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Feature Article

Cerebral aneurysms and subarachnoid haemorrhage: avoiding the diagnostic pitfalls

Nicholas Little, Heath French
OPEN ACCESS

Endovascular therapy

The greatest change in the care of patients with this condition in recent times is the emergence of endovascular therapy as the dominant modality for treating ruptured cerebral aneurysms (Figure 2).29 The use of different embolic material and coils, along with stents and technical tricks of repair such as balloon-assisted coiling, have rapidly changed the deployment of endovascular therapy.48

Dedicated neurointerventional radiologists are now working in large centres and repairing the majority of ruptured aneurysms.48

Microvascular repair

Microvascular repair (surgical aneurysm clipping) remains an important modality for lesions unfavourable for endovascular intervention.29,49 Unsuitability for coil repair often relates to the ratio of the fundus to the neck of the lesion in locations where the use of stent or balloon assistance for the coiling may be inappropriate or unsafe.49 The most common location where coiling is not favoured is the middle cerebral artery bifurcation.94

Repair of a ruptured carotid bifurcation aneurysm is discussed in the case study (Box and Figures 1a and b).

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Open surgery

Open surgery may also be used where there are associated surgical benefits, such as removal of intracerebral clot.2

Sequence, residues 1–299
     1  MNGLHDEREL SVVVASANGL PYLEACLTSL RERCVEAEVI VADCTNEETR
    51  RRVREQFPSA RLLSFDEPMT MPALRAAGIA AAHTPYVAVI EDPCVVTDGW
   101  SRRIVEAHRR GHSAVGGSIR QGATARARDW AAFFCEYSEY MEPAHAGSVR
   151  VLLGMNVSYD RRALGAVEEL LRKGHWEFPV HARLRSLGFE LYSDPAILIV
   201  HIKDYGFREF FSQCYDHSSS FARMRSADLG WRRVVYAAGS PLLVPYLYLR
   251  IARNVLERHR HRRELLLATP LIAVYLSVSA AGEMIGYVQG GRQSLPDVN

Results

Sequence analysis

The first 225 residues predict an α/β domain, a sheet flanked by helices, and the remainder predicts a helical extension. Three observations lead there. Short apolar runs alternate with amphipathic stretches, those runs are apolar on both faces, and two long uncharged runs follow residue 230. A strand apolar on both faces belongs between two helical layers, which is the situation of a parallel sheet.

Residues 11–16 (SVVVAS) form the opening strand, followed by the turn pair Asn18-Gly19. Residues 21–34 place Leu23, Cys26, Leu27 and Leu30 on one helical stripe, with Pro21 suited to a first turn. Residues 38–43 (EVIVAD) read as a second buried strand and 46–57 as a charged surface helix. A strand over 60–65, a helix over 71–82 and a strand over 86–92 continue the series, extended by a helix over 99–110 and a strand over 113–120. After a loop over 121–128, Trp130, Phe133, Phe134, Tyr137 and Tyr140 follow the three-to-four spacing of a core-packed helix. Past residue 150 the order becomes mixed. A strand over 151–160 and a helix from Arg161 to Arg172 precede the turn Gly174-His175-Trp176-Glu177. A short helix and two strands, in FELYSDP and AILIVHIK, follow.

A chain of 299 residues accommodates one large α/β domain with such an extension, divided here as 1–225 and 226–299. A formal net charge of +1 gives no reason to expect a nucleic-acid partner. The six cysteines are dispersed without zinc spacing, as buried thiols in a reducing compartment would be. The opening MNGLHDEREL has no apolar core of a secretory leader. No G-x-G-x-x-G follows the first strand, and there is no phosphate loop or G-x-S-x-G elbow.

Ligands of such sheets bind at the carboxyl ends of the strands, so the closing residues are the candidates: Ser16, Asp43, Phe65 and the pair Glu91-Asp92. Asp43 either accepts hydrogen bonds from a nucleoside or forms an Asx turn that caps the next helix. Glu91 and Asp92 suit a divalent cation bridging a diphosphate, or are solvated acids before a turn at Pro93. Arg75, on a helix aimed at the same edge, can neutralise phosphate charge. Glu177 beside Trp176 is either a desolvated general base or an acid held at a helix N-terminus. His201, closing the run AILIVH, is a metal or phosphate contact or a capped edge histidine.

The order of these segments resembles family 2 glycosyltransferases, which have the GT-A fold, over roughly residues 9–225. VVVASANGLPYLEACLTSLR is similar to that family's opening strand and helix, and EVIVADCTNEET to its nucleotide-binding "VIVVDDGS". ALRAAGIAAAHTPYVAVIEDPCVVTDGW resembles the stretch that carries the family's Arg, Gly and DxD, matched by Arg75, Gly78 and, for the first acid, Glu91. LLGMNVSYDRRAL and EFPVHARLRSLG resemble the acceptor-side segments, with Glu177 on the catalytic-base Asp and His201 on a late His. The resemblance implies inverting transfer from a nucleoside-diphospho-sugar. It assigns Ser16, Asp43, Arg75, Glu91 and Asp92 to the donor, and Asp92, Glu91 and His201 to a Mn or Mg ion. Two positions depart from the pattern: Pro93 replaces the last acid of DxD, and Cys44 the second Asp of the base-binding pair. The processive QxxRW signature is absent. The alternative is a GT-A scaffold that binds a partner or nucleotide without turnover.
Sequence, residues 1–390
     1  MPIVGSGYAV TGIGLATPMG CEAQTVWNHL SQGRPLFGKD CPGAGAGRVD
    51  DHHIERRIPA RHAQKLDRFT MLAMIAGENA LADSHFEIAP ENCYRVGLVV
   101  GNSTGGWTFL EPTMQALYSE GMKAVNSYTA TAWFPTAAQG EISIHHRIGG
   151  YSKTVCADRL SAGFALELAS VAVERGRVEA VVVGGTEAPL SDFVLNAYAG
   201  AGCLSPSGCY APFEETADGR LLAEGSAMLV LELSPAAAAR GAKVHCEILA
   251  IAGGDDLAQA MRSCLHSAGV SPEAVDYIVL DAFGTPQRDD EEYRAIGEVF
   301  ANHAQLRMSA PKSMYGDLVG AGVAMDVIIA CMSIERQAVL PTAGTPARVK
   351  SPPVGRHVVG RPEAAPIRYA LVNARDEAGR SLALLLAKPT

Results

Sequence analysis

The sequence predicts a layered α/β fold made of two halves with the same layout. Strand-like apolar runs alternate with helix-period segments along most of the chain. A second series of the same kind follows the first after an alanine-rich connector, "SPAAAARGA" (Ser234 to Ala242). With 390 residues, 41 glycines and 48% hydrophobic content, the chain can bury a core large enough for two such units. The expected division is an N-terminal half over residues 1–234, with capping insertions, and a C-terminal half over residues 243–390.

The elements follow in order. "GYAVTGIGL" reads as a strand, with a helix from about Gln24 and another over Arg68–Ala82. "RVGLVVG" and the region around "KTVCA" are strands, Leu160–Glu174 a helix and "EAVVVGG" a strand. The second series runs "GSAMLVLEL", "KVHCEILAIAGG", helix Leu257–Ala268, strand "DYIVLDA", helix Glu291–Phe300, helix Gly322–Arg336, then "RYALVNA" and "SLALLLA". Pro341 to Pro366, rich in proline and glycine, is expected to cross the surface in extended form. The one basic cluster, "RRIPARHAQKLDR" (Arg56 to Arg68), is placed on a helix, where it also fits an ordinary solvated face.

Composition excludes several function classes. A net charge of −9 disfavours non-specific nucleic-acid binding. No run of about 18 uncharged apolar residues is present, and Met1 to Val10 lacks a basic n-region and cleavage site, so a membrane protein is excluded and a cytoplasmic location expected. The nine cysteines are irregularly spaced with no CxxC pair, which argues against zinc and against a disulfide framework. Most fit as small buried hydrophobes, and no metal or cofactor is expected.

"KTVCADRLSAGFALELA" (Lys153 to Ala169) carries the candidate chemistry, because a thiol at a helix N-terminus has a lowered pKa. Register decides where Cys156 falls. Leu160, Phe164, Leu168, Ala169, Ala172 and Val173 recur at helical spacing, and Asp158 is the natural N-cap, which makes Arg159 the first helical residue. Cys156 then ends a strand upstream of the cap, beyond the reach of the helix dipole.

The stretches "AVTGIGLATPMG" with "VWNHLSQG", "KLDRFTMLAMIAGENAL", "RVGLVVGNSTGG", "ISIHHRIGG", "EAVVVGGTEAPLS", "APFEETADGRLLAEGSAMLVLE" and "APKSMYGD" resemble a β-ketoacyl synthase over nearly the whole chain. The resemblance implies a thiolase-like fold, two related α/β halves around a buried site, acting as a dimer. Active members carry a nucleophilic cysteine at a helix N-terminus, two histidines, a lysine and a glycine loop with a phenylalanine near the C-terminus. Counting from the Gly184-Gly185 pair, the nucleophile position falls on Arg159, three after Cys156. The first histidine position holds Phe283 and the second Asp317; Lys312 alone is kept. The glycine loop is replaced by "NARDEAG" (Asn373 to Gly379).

Treatments compared

In general, endovascular therapy has lower upfront risk than other treatments, and is without the associated morbidity of craniotomy (brain retraction, wound, access risk).29 It does, however, have less durability overall, and also a greater possibility of persistent/recurrent aneurysm necks (filling of the aneurysm where it pouches out from the vessel wall), which present an ongoing risk of haemorrhage, although the magnitude of that risk overall and in the previously ruptured versus the unruptured cohort is not well known.28,50 Securely coiled aneurysms that are stable after two years rarely re-rupture.50

A relevant factor in stent-assisted repair of aneurysm is that the patient usually requires indefinite antiplatelet therapy.51 This and issues of durability will become more clear as our longitudinal experience with this therapy improves with time.

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The ideal therapeutic scenario is where a balance and good working relationship exists between neuroradiologists and neuro­surgeons. Care decisions should not be based on treatment availability in a condition such as this, and collaboration is vital; however, access limitations to endovascular care can influence intervention decisions.49 There are frequent occasions where both coiling and clipping may be applied, either as planned adjuvants or in cases of failure of one or other.

In the presented case study, the anatomy of the aneurysm was such that simple coiling was not possible and stenting/­coiling was thought to be higher risk than microsurgical repair.

Conclusion

Cerebral aneurysms remain a diagnostic and therapeutic challenge. Although SAH can be excluded in most patients with headache by simple history taking, in those where doubt remains (e.g. when the haemorrhage is low volume and does not show on CT imaging) the consequences of failure to diagnose need to be weighed against the inconvenience and possible morbidity of further investigation.

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When an aneurysm has been diagnosed, the decision to treat and the mode of treatment to use has become multidisciplinary in a way analogous to that in many other medical conditions. This has led to better outcomes and the emergence of specialised neurovascular centres. MT

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